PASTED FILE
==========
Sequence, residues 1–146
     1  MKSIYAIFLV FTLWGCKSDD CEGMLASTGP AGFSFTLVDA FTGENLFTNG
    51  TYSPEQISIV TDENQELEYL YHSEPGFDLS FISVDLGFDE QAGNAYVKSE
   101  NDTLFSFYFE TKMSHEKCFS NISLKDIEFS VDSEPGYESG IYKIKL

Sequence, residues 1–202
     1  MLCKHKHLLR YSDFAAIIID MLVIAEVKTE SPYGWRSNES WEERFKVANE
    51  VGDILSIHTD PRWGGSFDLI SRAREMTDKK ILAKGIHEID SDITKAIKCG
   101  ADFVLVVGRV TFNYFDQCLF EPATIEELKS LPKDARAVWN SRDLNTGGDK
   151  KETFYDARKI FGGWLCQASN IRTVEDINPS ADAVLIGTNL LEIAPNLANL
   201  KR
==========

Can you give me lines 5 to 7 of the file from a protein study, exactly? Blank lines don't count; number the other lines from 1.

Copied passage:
Sequence, residues 1–202
     1  MLCKHKHLLR YSDFAAIIID MLVIAEVKTE SPYGWRSNES WEERFKVANE
    51  VGDILSIHTD PRWGGSFDLI SRAREMTDKK ILAKGIHEID SDITKAIKCG